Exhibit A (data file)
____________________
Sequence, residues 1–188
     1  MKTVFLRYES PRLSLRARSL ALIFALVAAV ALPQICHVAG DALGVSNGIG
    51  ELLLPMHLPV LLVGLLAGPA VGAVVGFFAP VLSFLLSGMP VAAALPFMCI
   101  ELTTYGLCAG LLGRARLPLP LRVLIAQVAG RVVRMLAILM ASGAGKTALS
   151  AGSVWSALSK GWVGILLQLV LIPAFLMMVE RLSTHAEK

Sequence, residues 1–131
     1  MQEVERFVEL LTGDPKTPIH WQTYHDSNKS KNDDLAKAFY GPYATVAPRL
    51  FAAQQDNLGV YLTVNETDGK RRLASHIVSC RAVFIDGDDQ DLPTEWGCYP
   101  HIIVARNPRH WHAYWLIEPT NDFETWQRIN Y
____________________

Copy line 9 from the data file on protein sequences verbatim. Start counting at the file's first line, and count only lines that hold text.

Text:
   101  HIIVARNPRH WHAYWLIEPT NDFETWQRIN Y